DC: You’ve split a lot of time between film and TV, with horror as your main focal point – where do you see the direction of the genre heading, what do you see as the biggest thing it’s lacking at this stage?
GS: No, I think it’s better than it’s ever been – for one of the reasons why I left horror when I did was because as Rodney Dangerfield said, “It got no respect!” (laughs) I made Death Line, which is sort of heralded as a classic, then AIP (American International Pictures) took it and turned it into shit. They did an advertising campaign that had absolutely nothing to do with the movie, and renamed it Raw Meat, then cut the shit out of it. I said that if this is what they’re going to do to my films, then I don’t want to make movies.
DC: What was your initial reaction when you’d found out that the title had been changed?
GS: I hated it, and fortunately Robin Wood wrote an article that he called “Butchered” which was regarding the whole name change, and he said not to go see this movie – wait until you can actually see the original. Unfortunately it took close to 45 years before the American audience could see it – in Europe, the film’s been playing for years, and up until 2003 people could only get pirated copies of VHS, then with the inclusion of the internet it could be watched online, but they were shitty prints, but people were watching it. In 2003 MGM got the rights because they inherited the AIP library, and released a DVD, which was awful. It looked like a third-generation interpositive that they made a scan from, muddy as hell. Samuel Z. Arkoff, the head of AIP pictures, was in London and wanted me to come in for a meeting, and I absolutely hated it -hated the meeting, hated him, and they wanted me to come to L.A. to do more pictures for them and I told them “no thank you.”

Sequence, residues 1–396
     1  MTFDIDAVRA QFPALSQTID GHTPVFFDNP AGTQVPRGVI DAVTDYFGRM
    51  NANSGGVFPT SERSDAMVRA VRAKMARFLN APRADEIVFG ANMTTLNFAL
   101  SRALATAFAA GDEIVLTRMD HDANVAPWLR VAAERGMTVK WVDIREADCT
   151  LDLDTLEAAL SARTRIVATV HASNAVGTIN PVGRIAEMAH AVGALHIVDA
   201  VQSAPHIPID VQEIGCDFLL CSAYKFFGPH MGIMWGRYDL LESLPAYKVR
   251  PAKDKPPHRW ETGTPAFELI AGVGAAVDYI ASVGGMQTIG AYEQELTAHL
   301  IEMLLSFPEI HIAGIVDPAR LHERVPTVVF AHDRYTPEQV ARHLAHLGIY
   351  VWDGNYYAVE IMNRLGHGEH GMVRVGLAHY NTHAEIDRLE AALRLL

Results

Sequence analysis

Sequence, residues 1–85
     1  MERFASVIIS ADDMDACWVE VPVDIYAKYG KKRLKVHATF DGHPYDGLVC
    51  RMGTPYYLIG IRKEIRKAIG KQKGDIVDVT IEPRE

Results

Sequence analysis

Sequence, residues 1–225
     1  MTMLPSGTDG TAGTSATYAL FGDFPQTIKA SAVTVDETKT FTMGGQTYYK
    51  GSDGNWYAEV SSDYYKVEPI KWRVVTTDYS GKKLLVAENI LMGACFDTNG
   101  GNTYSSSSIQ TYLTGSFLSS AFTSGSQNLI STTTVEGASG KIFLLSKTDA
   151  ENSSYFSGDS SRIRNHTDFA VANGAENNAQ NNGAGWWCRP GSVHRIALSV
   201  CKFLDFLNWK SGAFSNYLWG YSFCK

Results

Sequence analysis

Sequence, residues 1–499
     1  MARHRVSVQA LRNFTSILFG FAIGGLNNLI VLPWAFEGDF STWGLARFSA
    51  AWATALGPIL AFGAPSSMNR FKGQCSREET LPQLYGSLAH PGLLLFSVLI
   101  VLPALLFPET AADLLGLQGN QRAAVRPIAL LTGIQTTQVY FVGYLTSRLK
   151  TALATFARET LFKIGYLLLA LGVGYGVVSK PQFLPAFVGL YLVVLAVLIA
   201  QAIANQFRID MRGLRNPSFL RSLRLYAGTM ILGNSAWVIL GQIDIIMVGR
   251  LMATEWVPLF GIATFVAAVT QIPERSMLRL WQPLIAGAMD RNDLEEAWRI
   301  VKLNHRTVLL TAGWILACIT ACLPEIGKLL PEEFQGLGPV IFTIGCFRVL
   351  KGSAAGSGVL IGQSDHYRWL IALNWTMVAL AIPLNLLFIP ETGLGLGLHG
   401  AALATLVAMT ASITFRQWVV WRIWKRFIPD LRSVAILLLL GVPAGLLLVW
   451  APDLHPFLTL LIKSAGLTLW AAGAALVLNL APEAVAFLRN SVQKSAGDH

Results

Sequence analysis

DC: Lastly, what can fans look forward to seeing from you down the road – working on anything currently?
GS: Suddenly, with the re-emergence of Death Line, Blue Underground is starting to put together a restoration of Dead & Buried, because the last Blu-ray we did was from a scan about 10 years ago that was an internegative , and hopefully it will be done with Vice Squad. With all of that going on, there are some people who are talking to me about wanting me to make a comeback into the horror genre, and due to guys like Johnathan Blum, there’s a whole new respect for the horror genre that didn’t exist before, and I’m ready and willing to jump back into it. In the meantime I’ve been doing documentaries for the last 10 years, doing “The First 48: Missing Persons” on A&E – that lasted for 3 and a half years. I’m also involved in the filming of a documentary about the rehabilitation project that’s happening at Cook County Jail, where inmates are being taught the culinary arts – it’s called Recipe for Change and it’s to watch guys change…it’s incredible. We’re aiming at either a feature-length documentary or the possibility of it going to series on PBS. There’s also something that I can’t talk about yet (laughs), but there may be an announcement soon, and it has to do with television.
A special screening of Death Line will be happening on June 20th in NYC.